Reporter spoke with Bailey Ayers-Korpal, director of marketing and digital strategy in the Office of External Relations, about how the Playbook was developed, how it should be used, and why, even at our student-centered, community-oriented institution, it is still important to think about “the brand.”
‘Brand’ is not a bad word
It’s no secret that the university is in the business of promoting ourselves – that’s how we get students to come here. But building a brand is about much more than student attraction.
“No matter what audience we're reaching out to or talking to, they want to know that it's official. They want to be familiar with it, they want to recognize it,” Ayers-Korpal says. “So if we have different areas doing different things, then there's a risk of someone asking, one, ‘Is this legit?’ and two, ‘Who am I really talking to?’”
These questions might be asked by, for example, prospective students that we're trying to recruit, alumni we’re cultivating for donations or corporations that we're trying to develop partnerships with. “Those people can be in multiple audiences,” Ayers-Korpal explains. “So we want to have this cohesion that really reflects the university and who we are and our reputation, no matter what we're doing or who we're reaching out to.”
UM-Dearborn is in a unique position compared to many other schools in Michigan, in that we have name and logo recognition worldwide based on our affiliation with U-M. But this also makes it vital to assert our own identity, Ayers-Korpal contends. “I think the Block M alone comes with a reputation and a lot of recognition. But then, making sure we're claiming our own stake and asserting who UM-Dearborn is with everything that we do is really important,” she says.
Dreams in Practice
A major part of the Carnegie work was developing a new tagline – “Dreams in Practice” – that will be used in various marketing materials (check it out on the new banners recently installed across campus). The tagline was conceived after gathering feedback from the campus community and external audiences, where the university’s focus on practice-based learning surfaced routinely as something that makes us unique.
“‘Dreams in Practice’ speaks to what students can expect when they come here and what they can expect to graduate with,” Ayers-Korpal says. “But we also know that earning a four-year degree can be life changing for many of our students. We have a lot of first-gen students and we have a lot of nontraditional students. It really is a dream for a lot of our students to get this degree and be able to reach their goals and have good careers. So ‘Dreams in Practice’ really felt like a fit with all of that, and a fit for what we're trying to achieve here at the university.”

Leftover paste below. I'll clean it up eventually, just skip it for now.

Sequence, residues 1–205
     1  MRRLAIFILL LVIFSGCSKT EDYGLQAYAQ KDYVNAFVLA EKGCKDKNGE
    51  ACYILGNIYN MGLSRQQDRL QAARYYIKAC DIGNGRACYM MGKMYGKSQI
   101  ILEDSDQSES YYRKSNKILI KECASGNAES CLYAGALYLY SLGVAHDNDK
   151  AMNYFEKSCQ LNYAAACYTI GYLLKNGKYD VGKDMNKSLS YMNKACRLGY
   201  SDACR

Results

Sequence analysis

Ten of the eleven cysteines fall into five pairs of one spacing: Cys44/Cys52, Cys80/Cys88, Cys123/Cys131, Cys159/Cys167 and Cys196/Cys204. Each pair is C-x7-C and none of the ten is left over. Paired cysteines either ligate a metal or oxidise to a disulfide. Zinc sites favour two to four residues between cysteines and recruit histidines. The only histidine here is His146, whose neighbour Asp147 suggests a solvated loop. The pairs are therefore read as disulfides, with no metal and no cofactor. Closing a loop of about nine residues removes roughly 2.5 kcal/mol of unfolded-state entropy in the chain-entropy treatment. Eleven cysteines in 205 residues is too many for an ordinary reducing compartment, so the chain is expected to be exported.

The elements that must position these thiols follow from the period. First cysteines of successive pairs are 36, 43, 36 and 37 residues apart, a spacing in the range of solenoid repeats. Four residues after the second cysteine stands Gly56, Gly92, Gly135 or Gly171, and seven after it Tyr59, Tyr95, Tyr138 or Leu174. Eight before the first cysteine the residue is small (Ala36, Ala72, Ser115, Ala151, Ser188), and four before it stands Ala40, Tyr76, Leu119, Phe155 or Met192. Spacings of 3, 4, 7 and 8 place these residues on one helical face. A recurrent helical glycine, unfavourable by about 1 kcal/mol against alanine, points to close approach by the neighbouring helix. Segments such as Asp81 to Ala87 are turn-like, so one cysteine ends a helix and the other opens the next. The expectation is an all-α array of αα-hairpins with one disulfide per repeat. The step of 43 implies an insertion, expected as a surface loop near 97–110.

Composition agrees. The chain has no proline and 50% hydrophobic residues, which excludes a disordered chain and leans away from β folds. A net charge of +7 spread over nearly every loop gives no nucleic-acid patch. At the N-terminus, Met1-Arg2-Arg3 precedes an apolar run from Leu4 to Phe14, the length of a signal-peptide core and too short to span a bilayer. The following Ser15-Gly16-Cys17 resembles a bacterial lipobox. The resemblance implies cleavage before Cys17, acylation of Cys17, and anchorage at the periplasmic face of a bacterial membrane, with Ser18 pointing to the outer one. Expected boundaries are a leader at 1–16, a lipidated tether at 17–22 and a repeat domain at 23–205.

Carnegie drew on their research to ask, “If the university were a person, what are the personality traits?” Ayers-Korpal says anyone marketing UM-Dearborn programs to external audiences needs to incorporate these traits into their efforts, using the Playbook as a guide.
“We have three personas that we're working with: the Empowering Nurturer, the Industrious Creator and the Analytical Explorer,” she explains. “All the storytelling that our office does, everything that we write and all our photography will align with these personas to showcase the personalities of the university.”
“The Playbook provides a guide for other partners at the institution, too,” she adds. “If you're communicating with external audiences, using words, images or both, it will help you align with those personas and those personality traits.”
The Playbook is for you (yes, you!)
Aside from the Marketing team, the Playbook should stay near at hand for all web, social media and communications ambassadors, first and foremost. But everyone on campus should refer to it when representing the university visually or in words.
“Whether it’s making sure there's the correct logo on a syllabus or giving a handout to a prospective student or giving a talk in the community, the Tool Kit and the Messaging Playbook are really for anybody who's communicating with an external audience to tell the story of the university,” Ayers-Korpal says. “It's really important to have that consistency, no matter who it is.”
Article by Kristin Palm